Agreement ending the civil war in Lebanon, 1989.
In July 1989, the Arab Tripartite Committee (Morocco, Saudi Arabia, and Algeria) made recommendations to resolve Lebanon's civil war: expanded Lebanese sovereignty, a pullback of Syria's forces, and formalization of Syria and Lebanon's relationship with Israel. Syria promptly rejected them. In September, in the city of Taʾif, Saudi Arabia, representatives of the various Lebanese factions accepted a new National Unity charter. Under it, Syria would restrain Shiʿite groups backed by Iran in exchange for recognition of its dominance in Lebanon and the isolation of the Christian military figure Michel Aoun; vacant parliamentary seats would be filled by the new government before holding elections; Syria was empowered to become involved in reconstituting national governmental authority; re-deployment of its forces left Syria firmly in control of territory strategically important for access to Beirut; and the governments of Syria and Lebanon were permitted to conclude secret agreements. The Taʾif Accord came under heavy criticism because several of its clauses were never implemented. Foremost was the issue of Syrian troops' presence in Lebanon. In 2002 and 2003, the Syrian regime implemented symbolic minor withdrawals from some areas in Lebanon, including Beirut. As of today, there are still more than 25,000 Syrian troops in Lebanon.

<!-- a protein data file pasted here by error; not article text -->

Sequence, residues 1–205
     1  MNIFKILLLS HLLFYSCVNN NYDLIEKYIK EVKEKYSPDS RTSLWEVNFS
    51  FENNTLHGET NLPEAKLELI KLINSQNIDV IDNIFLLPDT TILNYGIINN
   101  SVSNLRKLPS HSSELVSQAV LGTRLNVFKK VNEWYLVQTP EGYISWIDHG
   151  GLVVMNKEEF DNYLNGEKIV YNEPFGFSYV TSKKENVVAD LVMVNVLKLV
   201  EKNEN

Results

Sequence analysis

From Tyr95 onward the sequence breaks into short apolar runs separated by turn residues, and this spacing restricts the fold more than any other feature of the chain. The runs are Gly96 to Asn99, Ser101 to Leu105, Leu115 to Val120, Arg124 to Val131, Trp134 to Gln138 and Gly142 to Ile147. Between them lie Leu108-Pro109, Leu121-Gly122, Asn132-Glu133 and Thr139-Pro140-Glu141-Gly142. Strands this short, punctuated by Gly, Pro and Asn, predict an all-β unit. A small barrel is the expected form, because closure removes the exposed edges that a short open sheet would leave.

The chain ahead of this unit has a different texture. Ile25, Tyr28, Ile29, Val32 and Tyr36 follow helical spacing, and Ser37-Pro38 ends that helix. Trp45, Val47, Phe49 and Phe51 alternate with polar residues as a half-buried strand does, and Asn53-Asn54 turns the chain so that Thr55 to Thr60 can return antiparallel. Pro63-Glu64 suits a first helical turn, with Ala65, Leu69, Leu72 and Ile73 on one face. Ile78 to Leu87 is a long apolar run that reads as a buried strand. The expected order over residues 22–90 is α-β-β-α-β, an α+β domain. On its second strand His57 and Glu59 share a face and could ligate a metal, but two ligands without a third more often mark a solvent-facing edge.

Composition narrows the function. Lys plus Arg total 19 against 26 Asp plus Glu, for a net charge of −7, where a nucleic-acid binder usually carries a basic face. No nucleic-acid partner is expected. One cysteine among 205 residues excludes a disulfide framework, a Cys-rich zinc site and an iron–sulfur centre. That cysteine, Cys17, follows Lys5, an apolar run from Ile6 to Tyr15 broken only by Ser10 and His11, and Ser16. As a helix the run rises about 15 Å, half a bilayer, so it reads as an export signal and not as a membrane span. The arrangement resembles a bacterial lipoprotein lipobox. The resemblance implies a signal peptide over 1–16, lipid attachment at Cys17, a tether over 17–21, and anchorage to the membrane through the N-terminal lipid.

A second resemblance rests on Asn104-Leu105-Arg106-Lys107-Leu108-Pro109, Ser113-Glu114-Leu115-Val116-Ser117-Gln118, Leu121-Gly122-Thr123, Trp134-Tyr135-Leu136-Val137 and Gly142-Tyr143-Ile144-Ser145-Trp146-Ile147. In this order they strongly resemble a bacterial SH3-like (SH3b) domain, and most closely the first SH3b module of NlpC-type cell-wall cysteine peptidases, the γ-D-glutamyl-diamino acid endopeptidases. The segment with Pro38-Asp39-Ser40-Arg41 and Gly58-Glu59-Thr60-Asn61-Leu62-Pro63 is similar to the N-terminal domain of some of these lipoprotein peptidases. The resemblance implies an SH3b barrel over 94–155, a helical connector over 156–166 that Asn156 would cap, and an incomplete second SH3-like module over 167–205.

updated by george e. irani
"Taʾif Accord." Encyclopedia of the Modern Middle East and North Africa. . Encyclopedia.com. (May 23, 2018). http://www.encyclopedia.com/humanities/encyclopedias-almanacs-transcripts-and-maps/taif-accord
"Taʾif Accord." Encyclopedia of the Modern Middle East and North Africa. . Retrieved May 23, 2018 from Encyclopedia.com: http://www.encyclopedia.com/humanities/encyclopedias-almanacs-transcripts-and-maps/taif-accord
Encyclopedia.com gives you the ability to cite reference entries and articles according to common styles from the Modern Language Association (MLA), The Chicago Manual of Style, and the American Psychological Association (APA).
Within the “Cite this article” tool, pick a style to see how all available information looks when formatted according to that style. Then, copy and paste the text into your bibliography or works cited list.
Because each style has its own formatting nuances that evolve over time and not all information is available for every reference entry or article, Encyclopedia.com cannot guarantee each citation it generates. Therefore, it’s best to use Encyclopedia.com citations as a starting point before checking the style against your school or publication’s requirements and the most-recent information available at these sites:
Modern Language Association
The Chicago Manual of Style
American Psychological Association
- Most online reference entries and articles do not have page numbers. Therefore, that information is unavailable for most Encyclopedia.com content. However, the date of retrieval is often important. Refer to each style’s convention regarding the best way to format page numbers and retrieval dates.
- In addition to the MLA, Chicago, and APA styles, your school, university, publication, or institution may have its own requirements for citations. Therefore, be sure to refer to those guidelines when editing your bibliography or works cited list.